For several years May has been a big travel month for me. I worked in travel for a few years and I tried taking advantage of my travel perks as often as I reasonably could. And after several consecutive years of adventuring in May, I find myself nostalgic for the experiences.
Two years ago I went on a very unique adventure. I went to Bali for 16 days all by myself. It was a magical and transforming experience. I swam in waterfalls, I had monkeys sit on my lap, I ate pineapple at every meal, and I spent my days enjoying the most glorious ocean. I also spent time processing some big life changes that were going on at that time in my life. It was an incredible life moment that I am continuously grateful I actually took.
Solo traveling creates a lot of opinions. There are always those who are quick to fear and forewarn about the dangers of solo travel, particularly as a woman (and they aren’t without warrant). And it’s further proof that this world is just a more dangerous world for a woman to walk than a man.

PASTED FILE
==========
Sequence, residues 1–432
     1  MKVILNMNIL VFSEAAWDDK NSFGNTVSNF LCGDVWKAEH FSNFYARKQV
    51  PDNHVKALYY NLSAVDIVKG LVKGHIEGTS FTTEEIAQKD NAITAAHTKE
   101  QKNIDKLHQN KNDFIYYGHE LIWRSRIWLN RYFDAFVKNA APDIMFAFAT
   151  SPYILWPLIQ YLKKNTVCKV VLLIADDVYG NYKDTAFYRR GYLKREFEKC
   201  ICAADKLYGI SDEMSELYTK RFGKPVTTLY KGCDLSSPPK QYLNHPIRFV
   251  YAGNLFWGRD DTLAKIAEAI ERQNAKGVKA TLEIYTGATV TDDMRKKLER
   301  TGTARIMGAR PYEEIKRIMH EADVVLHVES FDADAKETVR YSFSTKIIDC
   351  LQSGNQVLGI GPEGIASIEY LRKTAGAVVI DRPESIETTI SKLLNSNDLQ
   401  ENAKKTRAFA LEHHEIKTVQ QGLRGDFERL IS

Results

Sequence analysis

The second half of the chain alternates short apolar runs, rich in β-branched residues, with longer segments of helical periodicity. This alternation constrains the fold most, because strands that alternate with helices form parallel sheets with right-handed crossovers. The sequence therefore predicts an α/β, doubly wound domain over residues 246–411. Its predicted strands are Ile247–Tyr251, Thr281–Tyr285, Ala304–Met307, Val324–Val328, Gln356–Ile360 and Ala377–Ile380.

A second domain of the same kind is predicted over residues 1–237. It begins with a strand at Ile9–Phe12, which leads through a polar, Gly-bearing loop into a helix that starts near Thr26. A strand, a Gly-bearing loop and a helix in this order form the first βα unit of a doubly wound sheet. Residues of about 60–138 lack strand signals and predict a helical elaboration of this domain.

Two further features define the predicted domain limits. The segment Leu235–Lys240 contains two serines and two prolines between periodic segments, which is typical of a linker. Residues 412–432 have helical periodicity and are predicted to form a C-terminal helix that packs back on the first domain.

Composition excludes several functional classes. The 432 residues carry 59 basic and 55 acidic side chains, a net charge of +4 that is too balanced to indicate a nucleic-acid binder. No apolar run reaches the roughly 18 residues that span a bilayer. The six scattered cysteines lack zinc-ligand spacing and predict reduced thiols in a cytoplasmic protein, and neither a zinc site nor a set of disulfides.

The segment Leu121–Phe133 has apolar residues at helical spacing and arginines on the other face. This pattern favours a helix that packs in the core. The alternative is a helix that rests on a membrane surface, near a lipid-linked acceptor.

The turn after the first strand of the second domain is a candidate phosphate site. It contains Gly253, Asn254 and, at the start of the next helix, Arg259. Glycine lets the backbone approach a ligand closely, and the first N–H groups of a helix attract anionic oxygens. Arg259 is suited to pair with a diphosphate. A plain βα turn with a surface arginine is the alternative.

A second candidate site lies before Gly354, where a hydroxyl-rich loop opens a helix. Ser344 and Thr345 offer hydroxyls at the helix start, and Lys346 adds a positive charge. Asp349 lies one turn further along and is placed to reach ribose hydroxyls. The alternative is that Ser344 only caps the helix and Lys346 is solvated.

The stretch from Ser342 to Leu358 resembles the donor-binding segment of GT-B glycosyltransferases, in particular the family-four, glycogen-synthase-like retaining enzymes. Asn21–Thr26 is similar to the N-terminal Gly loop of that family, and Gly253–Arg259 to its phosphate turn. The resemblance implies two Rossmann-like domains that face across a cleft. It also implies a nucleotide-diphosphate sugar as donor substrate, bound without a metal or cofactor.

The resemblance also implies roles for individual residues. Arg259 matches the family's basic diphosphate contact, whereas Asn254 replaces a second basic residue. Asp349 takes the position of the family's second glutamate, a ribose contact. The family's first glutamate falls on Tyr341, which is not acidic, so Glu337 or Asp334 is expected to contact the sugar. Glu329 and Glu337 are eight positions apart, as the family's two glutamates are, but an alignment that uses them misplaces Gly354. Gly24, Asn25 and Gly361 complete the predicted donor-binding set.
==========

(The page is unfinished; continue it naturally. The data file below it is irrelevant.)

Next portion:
Warnings about taxi rides, about talking with strangers, about pick pockets, about watching your drinks. Growing up, women are conditioned to never go anywhere alone. Simply being a woman is to be a target for rape and assault. The stats back it up, women are more likely to be the target of violence. Traveling alone goes against all of that conditioning, and challenges everything we were ever taught.
And it is liberating.
Bali is considered one of the top ten safest countries for solo travel. And it definitely felt like it. I met incredible people, both local and fellow travelers. I experienced a new culture. It’s absolutely fascinating being in a country not defined by Christianity. I ate incredible food. I felt alive in ways I never had before, because I was alone, because I was challenging the norm.
I’ve always thought of myself as a fairly independent individual, but being alone for 16 days on the other side of the world required me to be dependent on myself in ways I never had before. I did entirely my own thing and every last detail was entirely up to me. I was alone, but I never really got lonely. I grew up a lot on that trip. And I am continuously grateful that I had the guts to follow through with it.
Yes, there are real dangers to going out alone. But if you keep your wits about you, you’ll be fine. And if you’re brave enough to do it, you’ll discover something truly spectacular on your solo adventure: Yourself.